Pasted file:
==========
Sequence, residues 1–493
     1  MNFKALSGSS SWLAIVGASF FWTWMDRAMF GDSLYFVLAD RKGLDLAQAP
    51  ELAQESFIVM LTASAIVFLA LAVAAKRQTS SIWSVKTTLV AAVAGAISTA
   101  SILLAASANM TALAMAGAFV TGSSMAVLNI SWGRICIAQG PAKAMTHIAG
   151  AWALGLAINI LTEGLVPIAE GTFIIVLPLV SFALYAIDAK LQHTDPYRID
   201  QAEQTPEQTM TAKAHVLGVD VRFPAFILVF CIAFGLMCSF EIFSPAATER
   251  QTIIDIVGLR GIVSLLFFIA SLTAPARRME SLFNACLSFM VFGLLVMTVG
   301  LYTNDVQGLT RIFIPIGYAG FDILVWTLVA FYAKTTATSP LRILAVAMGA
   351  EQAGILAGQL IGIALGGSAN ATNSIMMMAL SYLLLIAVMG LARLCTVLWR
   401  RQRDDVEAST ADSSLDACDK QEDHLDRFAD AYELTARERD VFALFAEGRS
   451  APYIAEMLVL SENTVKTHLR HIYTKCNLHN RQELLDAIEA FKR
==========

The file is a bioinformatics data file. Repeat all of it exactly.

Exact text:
Sequence, residues 1–493
     1  MNFKALSGSS SWLAIVGASF FWTWMDRAMF GDSLYFVLAD RKGLDLAQAP
    51  ELAQESFIVM LTASAIVFLA LAVAAKRQTS SIWSVKTTLV AAVAGAISTA
   101  SILLAASANM TALAMAGAFV TGSSMAVLNI SWGRICIAQG PAKAMTHIAG
   151  AWALGLAINI LTEGLVPIAE GTFIIVLPLV SFALYAIDAK LQHTDPYRID
   201  QAEQTPEQTM TAKAHVLGVD VRFPAFILVF CIAFGLMCSF EIFSPAATER
   251  QTIIDIVGLR GIVSLLFFIA SLTAPARRME SLFNACLSFM VFGLLVMTVG
   301  LYTNDVQGLT RIFIPIGYAG FDILVWTLVA FYAKTTATSP LRILAVAMGA
   351  EQAGILAGQL IGIALGGSAN ATNSIMMMAL SYLLLIAVMG LARLCTVLWR
   401  RQRDDVEAST ADSSLDACDK QEDHLDRFAD AYELTARERD VFALFAEGRS
   451  APYIAEMLVL SENTVKTHLR HIYTKCNLHN RQELLDAIEA FKR